Kafka- Best practices & Lessons Learned | By Inder
As of December 2021, I have spent almost 3 years managing kafka (both self managed and AWS MSK) for BFSI Clients. I have also migrated kafka clusters from self managed to AWS managed kafka using mirror maker in production with zero downtime, which i will explain in my next post.
In this post, I want to share some of my best practices and lessons learned from using Kafka.
Here are 7 specific tips to keep your Kafka deployment optimized and more easily managed:
- Kafka hardware requirements
- Broker configurations
- Producer configurations
- Kafka Security (TLS)--encryption reduces performance by 30%(approx)
- Capacity of cluster
- Monitoring and alerting (esp consumer lag)
- DR/HA Setup
Know Kafka hardware requirements
Most Kafka deployments tend to be rather light on CPU requirements. But there are some factors which can increase CPU utilization of kafka broker.
- If SSL is enabled, the CPU requirements can be significantly higher (the exact details depend on the CPU type and JVM implementation).
- A higher replication factor consumes more disk and CPU to handle additional requests.
- If compression is used, then producers and consumers must commit some CPU cycles for compressing data and decompressing data. More cores also lead to more parallelization.
Kafka brokers use both the JVM heap and the OS page cache. The JVM heap is used for replication of partitions between brokers and for log compaction. It is highly recommended that consumers always read from memory, i.e. from data that was written to Kafka and is still stored in the OS page cache. The amount of memory this requires depends on the rate at this data is written and how far behind you expect consumers to get. If you write 20GB per hour per broker and you allow brokers to fall 3 hours behind in normal scenario, you will want to reserve 60GB to the OS page cache. In cases where consumers are forced to read from disk, performance will drop significantly.
Kafka uses page cache memory as a buffer for active writers and readers, so after you specify JVM size (using -Xmx and -Xms Java options), leave the remaining RAM available to the operating system for page caching.
In most cases, Kafka can run optimally with 6 GB of RAM for heap space. For especially heavy production loads, use machines with 32 GB or more. Extra RAM will be used to bolster OS page cache and improve client throughput. While Kafka can run with less RAM, its ability to handle load is hampered when less memory is available.
For sustained, high-throughput brokers, provision sufficient memory to avoid reading from the disk subsystem. Partition data should be served directly from the operating system’s file system cache whenever possible. However, this means you’ll have to ensure your consumers can keep up; a lagging consumer will force the broker to read from disk.
Kafka topic configuration
Topic configurations have a tremendous impact on the performance of Kafka clusters. Because alterations to settings such as replication factor or partition count can be challenging, you’ll want to set these configurations the right way the first time, and then simply create a new topic if changes are required (always be sure to test out new topics in a staging environment).
Use a replication factor of three and be thoughtful with the handling of large messages. Partition count is a critically important setting as well, discussed in detail in the next section.
The topic configurations have a ‘server default’ property. These can be overridden at the point of topic creation or at later time in order to have topic-specific configuration.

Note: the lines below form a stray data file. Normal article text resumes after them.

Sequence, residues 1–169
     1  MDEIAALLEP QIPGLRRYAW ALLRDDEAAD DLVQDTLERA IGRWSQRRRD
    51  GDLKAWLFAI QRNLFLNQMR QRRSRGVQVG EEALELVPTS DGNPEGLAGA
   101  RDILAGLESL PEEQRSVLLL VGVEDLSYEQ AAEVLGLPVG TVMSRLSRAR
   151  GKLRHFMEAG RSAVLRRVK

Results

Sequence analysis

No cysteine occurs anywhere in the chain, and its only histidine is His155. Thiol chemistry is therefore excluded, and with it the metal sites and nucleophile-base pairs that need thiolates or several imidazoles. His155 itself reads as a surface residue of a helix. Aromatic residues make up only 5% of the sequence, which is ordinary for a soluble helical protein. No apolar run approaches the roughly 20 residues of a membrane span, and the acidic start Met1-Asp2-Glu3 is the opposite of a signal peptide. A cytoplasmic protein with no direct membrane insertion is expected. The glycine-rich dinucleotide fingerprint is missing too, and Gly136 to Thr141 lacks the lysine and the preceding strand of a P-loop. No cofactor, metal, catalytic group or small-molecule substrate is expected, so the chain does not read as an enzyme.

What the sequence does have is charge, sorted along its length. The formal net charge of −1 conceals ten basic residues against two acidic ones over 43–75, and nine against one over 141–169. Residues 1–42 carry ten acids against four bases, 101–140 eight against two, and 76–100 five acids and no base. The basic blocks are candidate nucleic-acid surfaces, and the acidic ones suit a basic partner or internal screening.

Either disable automatic topic creation or establish a clear policy regarding the cleanup of unused topics. For example, if no messages are seen for x days, consider the topic defunct and remove it from the cluster. This will avoid the creation of additional metadata within the cluster that you’ll have to manage.
Use parallel processing
Topic/Partition is unit of parallelism in Kafka. As it is designed for parallel processing and, like the act of parallelization itself, fully utilizing it requires a balancing act. Partition count is a topic-level setting, and the more partitions the greater parallelization and throughput. However, partitions also mean more replication latency, rebalances, and open server files.
Finding your optimal partition settings is as simple as calculating the throughput you wish to achieve for your hardware, and then doing the math to find the number of partitions needed.
Method to find number of partitions.
- Lets call the throughput from producer to a single partition is P
- Throughput from a single partition to a consumer is C
- Target throughput is T
- Required partitions = Max (T/P, T/C)
Partitions = Desired Throughput / Partition Speed
How to compute your throughput
It might also be helpful to compute the throughput. For example, if you have 800 messages per second, of 500 bytes each then your throughput is
800*500/(1024*1024) = ~0.4MB/s. Now if your topic is partitioned and you have 3 brokers up and running with 3 replicas that would lead to
0.4/3*3=0.4MB/s per broker.
Let’s get straight into testing is to use one partition per broker per topic, and then to check the results and double the partitions if more throughput is needed.
Overall, a useful rule here is to aim to keep total partitions for a topic below 10, and to keep total partitions for the cluster below 10,000. If you don’t, your monitoring must be highly capable and ready to take on what can be very challenging rebalances and outages!
More partitions can increase the latency. The end-to-end latency in Kafka is defined by the time from when a message is published by the producer to when the message is read by the consumer. Kafka only exposes a message to a consumer after it has been committed, i.e., when the message is replicated to all the in-sync replicas. Replication 1000 partitions from one broker to another can take up 20ms. This can be too high for some real-time applications. In new Kafka producer , messages will be accumulated on the producer side. It allows users to set upper bound on the amount of memory used for buffering incoming messages. Internally, producers buffers the message per partition. After enough data has been accumulated or enough time has passed, the accumulated messages will be removed and sent to the broker.If we have more partitions , messages will be accumulated for more partitions on producer side.Similarly on the consumer side , it fetches batch of messages per partitions . The more partitions that consumer is subscribing to, the more memory it needs.
The partition count can be increased after creation. But it can impact the consumers, so it’s recommended to perform this operation after addressing all consequences.